I’ve read two amazing novels in the last few weeks.
That’s a rarity for me. The two part I mean. These days, if I’m really lucky, I can manage a novel in about three weeks on the average. I mean, full time day job and my own writing and that eats a lot of my day away. Some books make me break my rules and spend more than fifteen minutes at a time reading and both of these managed that feat nicely.
The first of the amazing books was Tim Lebbon’s THE SILENCE. As happens from time to time the publisher asked if I might consider reading an early copy and saying something nice about it. I told them I’d be delighted to read it. I never promise nice words, because sometimes the books sent are…less than spectacular. While I do not publish bad reviews of books, I also do not like to lie about the quality of what I’m reading.
Now to be fair, I know Tim Lebbon and I know his work. I’ve never run across one of his tales I did not enjoy. Some I liked more than others, as is always the case, but so far there have been no lemons in the crowd.
THE SILENCE is no exception. It’s a damned solid piece of work about the end of the world. Novels of the apocalypse happen. Tales of how the world as we know it have been around almost as long as there’s been a world and a way to communicate the idea. Lebbon has done end-of-the-world before and done a mighty fine job with it. In particular I’ll point to WHITE which is a deeply disturbing tale of monsters hiding in the frozen cold and taken out humanity one step at a time. Deeply disturbing stuff, and until recently I would have called it the best work Tim Lebbon has done to date.
Now? I have to give that title to THE SILENCE. The story is intimate, told through the eyes of one family, a father and daughter to be precise. To add to the matter part of the story is told in the third person and part in the first. It’s a lovely trick for differentiating the narrators and perspectives and I liked it a lot.
I’ll not give away the plot. I’ll only say that the intimacy makes for a novel that is both horrifying and at time softly beautiful. All the carnage in the world means nothing without an emotional impact and Lebbon does a truly wonderful job of making every moment in the book count and every sacrifice great and small a potent jolt to the system. He also shows us exactly how easily society might crumble when the simplest luxuries are taken away from us.
A profoundly disturbing tale by Tim Lebbon. I cannot recommend THE SILENCE enough.
The other book that blew me out of the water was HALF A KING by Joe Abercrombie. I’ve gone on about Abercrombie before. My friend Charles Rutledge suggested the man to me and loaned me a few books. I read the first chapter of THE BLADE ITSELF and was immediately hooked. Abercrombie knows how to write and more importantly knows how to tell a solid tale. Fantasy can be a nightmare in its own right. You have to do a lot more world building in a full on fantasy series than you do in most horror or mainstream work. If it ain’t set on this planet, things are going to get tricky, and Abercrombie handles they challenge better than most. Not too much information at one time but rather enough slow reveals to let the world develop without even really noticing that it’s happening. That’s a skill, folks, and a mighty rare one. Not a once in one of his books did I get bogged down in wasted details or lost for the lack of important knowledge.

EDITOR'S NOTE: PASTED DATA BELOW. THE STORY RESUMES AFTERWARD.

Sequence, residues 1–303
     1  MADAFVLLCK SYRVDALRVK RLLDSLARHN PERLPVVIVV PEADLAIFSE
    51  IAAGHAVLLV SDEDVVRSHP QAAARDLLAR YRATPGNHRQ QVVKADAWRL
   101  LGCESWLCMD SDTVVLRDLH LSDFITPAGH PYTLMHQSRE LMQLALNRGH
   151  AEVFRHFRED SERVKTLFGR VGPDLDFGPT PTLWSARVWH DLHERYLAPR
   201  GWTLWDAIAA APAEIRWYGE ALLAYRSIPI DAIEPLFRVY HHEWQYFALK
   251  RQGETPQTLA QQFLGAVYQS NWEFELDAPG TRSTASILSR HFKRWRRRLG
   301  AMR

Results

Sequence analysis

HALF A KING is a story about a young prince who gets his life turned around completely by the death of his father the king and his older brother, who should be lined up to take the king’s place in case of emergency as it were. When they both die at the same time, our hero—if I can safely call him that, as most of the characters in an Abercrombie novel are well and properly human when it comes to their moral compasses, which is to say flawed—is stuck dealing with the consequences of a life he never wanted. And from that moment on his life goes downhill at a frightening pace.
I won’t reveal much more than that. I loathe reviews that tell you what happens to the point of ruining possible surprises. What I will say is that Abercrombie is in top form here, working with deft skill to show a new world, to let us know what we need to know, and offering up several surprises that I genuinely did not expect.
Some of the most profound characters that Abercrombie creates are the sorts that we should not cheer fro and yet we find ourselves enjoying just the same. He is adept and making characters we could easily love to hate, and many of the players in HALF A KING easily qualify along those lines.
HALF A KING is a shorter novel for Abercrombie. That doesn’t make it any less complex or rewarding. Top notch stuff and highly recommended for anyone who loves a good story.